The random musings of Kate Grace
(This is from the original blog’s archive. I’ll start shifting these over here and blog this project only on this site. This is from February ‘10)
January bitch slapped me. And yes, put me behind a bit. Although I have been reading, I have not been blogging. The writing, editing, pitching, pushing, ad nauseming of my own book rattled my brain. As did Catch 22, I’m not going to lie.
I didn’t like it. It seemingly took FOREVER to read. This is the pain we put teenagers through? No wonder so many grow up to be adults who hate reading.
I admired Catch 22 for its humor, however I also admire Abbot and Costello for theirs, but could under no circumstances sit through a 12-hour Abbot and Costello act using all the same rhythms and pacing of comedy. Although, it’s my humble opinion that Abbot and Costello would know better than to put its audiences through that.
I adored the use of nonsensical satire to explore bureaucratic absurdity, particularly within a military perspective, however… the joke went on way too long in my opinion. And I realize the crap I’ll probably get from other bookies over this. “You’re critiquing Joseph Heller, Kate? Really? You wanna go there?”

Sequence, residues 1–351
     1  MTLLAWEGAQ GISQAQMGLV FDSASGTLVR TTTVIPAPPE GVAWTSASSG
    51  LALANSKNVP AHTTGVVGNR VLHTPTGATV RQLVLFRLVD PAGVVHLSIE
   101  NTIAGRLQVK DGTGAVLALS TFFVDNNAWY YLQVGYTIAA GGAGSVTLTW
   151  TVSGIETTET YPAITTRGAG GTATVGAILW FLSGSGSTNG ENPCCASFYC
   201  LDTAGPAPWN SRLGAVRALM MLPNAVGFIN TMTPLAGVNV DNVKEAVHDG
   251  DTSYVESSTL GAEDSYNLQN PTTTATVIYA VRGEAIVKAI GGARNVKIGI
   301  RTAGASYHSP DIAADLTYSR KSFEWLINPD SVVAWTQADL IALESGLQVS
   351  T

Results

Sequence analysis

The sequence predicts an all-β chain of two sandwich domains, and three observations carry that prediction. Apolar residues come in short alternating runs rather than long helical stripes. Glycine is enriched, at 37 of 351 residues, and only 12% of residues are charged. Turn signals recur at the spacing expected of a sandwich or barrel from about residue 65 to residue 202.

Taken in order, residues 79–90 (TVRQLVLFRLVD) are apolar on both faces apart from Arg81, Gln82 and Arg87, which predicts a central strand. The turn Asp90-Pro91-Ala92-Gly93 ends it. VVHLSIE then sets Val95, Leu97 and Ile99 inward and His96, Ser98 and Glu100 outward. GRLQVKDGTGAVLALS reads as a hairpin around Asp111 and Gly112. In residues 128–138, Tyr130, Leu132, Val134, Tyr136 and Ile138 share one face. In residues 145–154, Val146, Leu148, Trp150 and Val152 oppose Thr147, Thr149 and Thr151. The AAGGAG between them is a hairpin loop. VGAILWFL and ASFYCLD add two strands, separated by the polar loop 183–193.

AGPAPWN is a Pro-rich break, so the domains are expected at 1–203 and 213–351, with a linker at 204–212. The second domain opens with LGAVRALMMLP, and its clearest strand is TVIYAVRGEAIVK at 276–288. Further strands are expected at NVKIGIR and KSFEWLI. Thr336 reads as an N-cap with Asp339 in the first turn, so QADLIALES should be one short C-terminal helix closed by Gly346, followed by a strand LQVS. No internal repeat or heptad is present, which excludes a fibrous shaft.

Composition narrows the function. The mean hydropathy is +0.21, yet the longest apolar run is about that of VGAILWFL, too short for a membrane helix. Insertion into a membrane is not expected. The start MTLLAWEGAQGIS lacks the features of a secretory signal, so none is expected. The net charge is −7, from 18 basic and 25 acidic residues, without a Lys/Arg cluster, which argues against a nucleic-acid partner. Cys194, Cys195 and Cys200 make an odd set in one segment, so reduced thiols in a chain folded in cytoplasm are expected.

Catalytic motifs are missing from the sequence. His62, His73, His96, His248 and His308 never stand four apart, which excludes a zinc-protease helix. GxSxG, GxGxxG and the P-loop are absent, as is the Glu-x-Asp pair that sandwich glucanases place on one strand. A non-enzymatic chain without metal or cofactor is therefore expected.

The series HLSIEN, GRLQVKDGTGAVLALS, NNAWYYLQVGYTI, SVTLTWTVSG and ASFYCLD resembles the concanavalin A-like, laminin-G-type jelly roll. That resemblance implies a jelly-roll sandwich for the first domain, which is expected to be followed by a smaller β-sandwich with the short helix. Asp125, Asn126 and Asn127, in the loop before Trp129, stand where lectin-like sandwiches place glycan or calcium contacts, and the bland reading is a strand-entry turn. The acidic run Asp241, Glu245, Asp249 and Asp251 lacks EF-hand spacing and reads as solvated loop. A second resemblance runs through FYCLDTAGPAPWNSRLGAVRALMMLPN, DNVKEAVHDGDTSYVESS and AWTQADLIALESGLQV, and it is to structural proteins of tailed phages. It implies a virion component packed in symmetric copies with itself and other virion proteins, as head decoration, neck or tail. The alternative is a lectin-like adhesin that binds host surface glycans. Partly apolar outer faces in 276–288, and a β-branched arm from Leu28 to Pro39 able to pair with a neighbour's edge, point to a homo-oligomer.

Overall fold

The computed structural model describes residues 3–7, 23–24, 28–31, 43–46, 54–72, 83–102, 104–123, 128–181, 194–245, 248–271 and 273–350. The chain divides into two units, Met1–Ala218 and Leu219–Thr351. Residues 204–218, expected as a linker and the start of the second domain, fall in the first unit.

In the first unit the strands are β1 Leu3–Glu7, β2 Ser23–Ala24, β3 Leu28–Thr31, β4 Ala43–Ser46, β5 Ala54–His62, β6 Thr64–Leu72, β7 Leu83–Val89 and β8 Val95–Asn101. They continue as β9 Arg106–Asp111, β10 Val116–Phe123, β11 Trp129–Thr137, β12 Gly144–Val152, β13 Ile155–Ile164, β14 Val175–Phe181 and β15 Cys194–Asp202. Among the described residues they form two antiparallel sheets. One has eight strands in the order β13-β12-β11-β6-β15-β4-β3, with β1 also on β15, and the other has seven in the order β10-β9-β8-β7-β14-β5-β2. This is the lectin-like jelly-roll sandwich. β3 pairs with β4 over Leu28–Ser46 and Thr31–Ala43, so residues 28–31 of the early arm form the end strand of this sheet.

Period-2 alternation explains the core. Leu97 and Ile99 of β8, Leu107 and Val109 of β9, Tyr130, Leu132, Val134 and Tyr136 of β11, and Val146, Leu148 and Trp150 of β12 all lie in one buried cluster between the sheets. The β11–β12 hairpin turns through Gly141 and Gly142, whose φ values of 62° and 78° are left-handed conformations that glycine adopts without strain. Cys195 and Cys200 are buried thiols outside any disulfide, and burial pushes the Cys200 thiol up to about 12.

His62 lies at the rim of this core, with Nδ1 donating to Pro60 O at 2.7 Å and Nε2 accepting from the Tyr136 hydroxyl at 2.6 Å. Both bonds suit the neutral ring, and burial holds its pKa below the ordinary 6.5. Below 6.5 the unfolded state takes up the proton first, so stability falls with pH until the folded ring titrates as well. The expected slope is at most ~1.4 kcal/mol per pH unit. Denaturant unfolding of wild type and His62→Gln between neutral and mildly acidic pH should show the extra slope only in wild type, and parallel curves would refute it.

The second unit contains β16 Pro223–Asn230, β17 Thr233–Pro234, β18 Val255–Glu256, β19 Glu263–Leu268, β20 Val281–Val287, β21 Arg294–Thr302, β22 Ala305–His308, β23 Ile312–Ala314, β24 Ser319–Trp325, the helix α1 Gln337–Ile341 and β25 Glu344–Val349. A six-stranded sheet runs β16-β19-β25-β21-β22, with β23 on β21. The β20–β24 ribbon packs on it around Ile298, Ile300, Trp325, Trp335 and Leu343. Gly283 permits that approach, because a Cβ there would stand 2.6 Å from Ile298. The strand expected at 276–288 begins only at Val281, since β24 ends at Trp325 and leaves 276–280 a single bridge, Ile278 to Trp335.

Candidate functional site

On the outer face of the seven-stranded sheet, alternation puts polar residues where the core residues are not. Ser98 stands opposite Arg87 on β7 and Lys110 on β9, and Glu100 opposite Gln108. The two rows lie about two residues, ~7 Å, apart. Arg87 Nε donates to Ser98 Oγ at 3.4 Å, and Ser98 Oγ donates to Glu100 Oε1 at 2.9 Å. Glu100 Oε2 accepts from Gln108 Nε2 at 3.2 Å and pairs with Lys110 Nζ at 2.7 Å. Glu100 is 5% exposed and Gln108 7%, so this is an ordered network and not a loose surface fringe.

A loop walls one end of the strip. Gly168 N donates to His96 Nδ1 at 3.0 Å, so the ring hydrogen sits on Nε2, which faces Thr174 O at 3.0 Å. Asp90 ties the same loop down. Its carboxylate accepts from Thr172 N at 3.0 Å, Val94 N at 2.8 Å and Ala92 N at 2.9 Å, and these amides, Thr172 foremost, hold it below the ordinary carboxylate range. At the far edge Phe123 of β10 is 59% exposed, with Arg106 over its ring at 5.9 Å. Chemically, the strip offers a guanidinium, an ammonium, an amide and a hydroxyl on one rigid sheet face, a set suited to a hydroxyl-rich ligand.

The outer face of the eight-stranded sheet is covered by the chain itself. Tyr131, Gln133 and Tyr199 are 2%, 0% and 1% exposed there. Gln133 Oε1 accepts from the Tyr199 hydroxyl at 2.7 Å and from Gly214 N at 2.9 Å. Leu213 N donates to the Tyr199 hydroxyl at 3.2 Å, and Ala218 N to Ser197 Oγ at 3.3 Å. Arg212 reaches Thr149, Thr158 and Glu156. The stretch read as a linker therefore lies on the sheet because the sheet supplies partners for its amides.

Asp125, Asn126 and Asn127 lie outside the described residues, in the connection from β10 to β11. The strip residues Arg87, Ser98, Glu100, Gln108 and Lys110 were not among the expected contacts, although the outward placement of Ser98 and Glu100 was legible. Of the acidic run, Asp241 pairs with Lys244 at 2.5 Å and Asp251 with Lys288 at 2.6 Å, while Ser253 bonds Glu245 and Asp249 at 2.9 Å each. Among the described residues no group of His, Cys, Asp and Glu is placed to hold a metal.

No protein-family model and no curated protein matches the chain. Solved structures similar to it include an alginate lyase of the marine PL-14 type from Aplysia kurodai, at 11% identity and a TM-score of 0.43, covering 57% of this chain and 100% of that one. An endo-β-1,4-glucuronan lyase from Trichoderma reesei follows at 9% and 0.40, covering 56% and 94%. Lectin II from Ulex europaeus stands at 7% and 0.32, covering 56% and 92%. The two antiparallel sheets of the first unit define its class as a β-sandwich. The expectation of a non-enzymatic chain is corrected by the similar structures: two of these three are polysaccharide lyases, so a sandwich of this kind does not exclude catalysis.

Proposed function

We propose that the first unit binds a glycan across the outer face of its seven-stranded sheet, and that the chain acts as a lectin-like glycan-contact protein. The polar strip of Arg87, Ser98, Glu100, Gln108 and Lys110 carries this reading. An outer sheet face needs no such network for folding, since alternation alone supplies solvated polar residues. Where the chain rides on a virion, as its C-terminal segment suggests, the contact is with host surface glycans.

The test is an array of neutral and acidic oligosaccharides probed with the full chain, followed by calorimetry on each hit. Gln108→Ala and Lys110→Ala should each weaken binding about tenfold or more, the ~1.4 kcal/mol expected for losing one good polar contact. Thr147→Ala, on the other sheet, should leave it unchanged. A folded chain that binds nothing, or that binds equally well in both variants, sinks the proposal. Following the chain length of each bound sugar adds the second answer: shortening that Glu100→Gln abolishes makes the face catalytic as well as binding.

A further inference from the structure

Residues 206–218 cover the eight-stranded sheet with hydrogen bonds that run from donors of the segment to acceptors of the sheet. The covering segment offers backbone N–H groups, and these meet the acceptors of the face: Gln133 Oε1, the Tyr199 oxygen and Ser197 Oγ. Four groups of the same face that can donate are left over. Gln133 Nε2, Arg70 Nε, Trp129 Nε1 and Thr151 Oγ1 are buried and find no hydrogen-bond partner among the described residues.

Yes. I do.
I perform improv comedy where scenes are made up on the spot between people on stage and other teammates (players) wait on the backline for a perfect time to contribute either by walking into the scene to add or support something, or to edit it by running across the stage and thus ending one scene for another to begin. Editing is an art, or I should say, knowing when to edit is an art.
And the general rule follows: If you’re thinking about editing, you’re too late.
Heller was too late.
Truth be told, I don’t remember most of what I read. Granted, my mind was elsewhere and I was beginning to think my ability to mentally latch onto a written work was blocked due to my need to work on my own writing. I panicked for a bit.
Heller had me hella scared.
But then I picked up Brave New World and immediately it was as if I was gasping for breath, the first violent pull for air after being revived from a drowning accident.
That’s right. I just likened Catch 22 to drowning.
And although Yossarian was comical and hilarious to observe like an animal in a foreign environment, he was impossible to care for because, in absolutely no known reality, would he ever care for me.
And if Heller had cared for me, it would have been a novella.